The user may use the prediction information presented to him in step 250 to improve the quality of the correlations between initial events and subsequent events. This is demonstrated in step 260. For instance, the method may allow the user to individually select each of the correlations displayed in step 250, and manually amend the correlation, in which case the method reverts back to step 130.

Such an amendment may include adjusting the occurrence probability of the subsequent event, adjusting the average time interval between the initial event and the subsequent event and so on. The amendment may also include the deletion of the correlation. This allows the user to transfer his knowledge of the IT system monitored by the method of the present invention to the database of correlations, thereby improving the accuracy of the correlations, and, as a consequence, of the forecasts. For instance, a user may be aware of the fact that the occurrence of a certain subsequent event was caused by a particular problem with the IT system during the initialization phase 10 of the method, which since has been rectified. In such a case, the correlation between the recurred initial event and the subsequent event may be deleted.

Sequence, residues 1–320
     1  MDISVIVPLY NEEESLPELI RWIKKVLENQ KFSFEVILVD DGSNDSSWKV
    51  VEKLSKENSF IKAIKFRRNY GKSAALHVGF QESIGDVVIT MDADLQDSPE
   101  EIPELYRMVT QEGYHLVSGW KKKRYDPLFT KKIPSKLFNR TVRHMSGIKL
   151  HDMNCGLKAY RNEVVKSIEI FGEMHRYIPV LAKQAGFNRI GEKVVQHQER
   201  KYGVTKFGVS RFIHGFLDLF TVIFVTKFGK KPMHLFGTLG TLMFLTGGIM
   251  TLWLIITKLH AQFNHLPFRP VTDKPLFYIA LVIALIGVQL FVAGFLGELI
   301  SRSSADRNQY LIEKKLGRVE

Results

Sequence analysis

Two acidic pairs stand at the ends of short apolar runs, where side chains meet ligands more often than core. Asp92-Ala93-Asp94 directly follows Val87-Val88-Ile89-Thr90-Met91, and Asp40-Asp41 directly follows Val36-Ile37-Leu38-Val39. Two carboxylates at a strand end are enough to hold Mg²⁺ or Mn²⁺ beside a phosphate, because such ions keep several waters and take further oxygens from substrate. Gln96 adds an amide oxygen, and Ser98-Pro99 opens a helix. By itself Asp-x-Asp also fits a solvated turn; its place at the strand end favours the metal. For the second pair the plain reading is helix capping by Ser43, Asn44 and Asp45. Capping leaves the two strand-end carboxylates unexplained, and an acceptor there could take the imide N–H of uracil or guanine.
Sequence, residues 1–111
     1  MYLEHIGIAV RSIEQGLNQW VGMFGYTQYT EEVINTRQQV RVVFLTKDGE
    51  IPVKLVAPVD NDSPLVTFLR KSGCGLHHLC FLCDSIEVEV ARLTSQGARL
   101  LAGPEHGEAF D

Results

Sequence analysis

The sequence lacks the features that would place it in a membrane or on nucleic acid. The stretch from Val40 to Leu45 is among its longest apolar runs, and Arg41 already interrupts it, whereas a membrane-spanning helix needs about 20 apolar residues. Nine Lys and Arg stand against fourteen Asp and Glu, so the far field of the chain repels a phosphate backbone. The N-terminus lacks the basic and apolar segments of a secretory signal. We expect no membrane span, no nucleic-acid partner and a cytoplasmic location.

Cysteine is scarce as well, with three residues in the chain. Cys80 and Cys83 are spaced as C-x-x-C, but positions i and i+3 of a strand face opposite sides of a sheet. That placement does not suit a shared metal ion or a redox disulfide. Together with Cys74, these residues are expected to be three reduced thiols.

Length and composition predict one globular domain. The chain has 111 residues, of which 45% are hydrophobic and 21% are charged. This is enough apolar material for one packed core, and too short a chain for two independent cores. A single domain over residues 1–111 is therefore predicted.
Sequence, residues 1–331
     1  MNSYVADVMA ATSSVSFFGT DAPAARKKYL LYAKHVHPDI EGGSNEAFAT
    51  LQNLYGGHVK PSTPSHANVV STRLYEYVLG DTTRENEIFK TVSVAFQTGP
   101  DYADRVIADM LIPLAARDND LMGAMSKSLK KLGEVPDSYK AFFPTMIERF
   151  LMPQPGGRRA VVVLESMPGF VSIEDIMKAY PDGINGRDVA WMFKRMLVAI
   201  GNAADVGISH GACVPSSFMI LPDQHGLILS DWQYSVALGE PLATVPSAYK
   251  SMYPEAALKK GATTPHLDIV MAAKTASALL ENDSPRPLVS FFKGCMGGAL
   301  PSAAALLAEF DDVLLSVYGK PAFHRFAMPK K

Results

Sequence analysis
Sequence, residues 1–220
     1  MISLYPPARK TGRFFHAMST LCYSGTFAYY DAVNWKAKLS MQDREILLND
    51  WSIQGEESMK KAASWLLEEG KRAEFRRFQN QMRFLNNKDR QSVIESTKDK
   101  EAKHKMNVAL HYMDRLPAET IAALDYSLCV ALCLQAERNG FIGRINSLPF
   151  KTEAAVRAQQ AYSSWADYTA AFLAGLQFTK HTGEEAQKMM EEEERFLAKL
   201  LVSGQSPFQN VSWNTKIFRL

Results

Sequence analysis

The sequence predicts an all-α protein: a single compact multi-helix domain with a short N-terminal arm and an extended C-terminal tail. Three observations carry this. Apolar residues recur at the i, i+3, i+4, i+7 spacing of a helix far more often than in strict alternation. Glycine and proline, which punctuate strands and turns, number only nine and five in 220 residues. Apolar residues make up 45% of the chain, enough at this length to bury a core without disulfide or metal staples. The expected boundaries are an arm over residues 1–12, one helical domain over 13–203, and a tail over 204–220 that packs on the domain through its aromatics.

However, if the user has not specified such an amendment, or if the correlation amendment option is not available, the method may directly proceed from step 260 to step 210.